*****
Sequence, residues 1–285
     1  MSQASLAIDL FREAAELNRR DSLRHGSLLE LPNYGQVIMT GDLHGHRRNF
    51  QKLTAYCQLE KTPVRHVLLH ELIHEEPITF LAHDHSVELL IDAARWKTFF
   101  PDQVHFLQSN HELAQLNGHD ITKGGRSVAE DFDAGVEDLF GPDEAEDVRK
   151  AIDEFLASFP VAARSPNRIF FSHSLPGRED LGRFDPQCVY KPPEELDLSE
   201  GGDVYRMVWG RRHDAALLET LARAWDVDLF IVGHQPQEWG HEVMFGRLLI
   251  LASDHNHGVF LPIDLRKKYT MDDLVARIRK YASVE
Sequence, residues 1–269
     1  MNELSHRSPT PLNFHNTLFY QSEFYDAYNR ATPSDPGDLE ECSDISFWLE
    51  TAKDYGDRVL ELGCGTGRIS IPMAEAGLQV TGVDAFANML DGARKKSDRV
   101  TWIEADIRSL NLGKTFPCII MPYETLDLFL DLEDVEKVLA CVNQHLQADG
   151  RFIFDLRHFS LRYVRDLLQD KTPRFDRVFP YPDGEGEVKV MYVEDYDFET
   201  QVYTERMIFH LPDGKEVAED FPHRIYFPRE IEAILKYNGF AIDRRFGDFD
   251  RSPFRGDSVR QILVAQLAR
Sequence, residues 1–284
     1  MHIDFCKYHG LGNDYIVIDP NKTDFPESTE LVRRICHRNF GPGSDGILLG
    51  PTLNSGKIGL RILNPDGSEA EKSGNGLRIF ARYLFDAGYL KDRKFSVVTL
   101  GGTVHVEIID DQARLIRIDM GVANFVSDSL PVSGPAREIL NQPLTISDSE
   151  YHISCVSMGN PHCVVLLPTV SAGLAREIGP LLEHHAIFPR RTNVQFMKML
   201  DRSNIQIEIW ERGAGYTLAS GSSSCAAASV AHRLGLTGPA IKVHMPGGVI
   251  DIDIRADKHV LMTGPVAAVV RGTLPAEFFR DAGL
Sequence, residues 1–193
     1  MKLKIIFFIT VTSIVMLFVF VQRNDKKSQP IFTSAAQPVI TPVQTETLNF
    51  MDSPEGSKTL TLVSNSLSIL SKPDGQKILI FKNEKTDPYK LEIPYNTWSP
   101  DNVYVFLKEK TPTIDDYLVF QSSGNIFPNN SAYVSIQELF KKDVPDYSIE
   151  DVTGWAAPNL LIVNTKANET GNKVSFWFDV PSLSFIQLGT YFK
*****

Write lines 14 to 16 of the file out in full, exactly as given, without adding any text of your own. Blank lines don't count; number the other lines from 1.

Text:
   251  RSPFRGDSVR QILVAQLAR
Sequence, residues 1–284
     1  MHIDFCKYHG LGNDYIVIDP NKTDFPESTE LVRRICHRNF GPGSDGILLG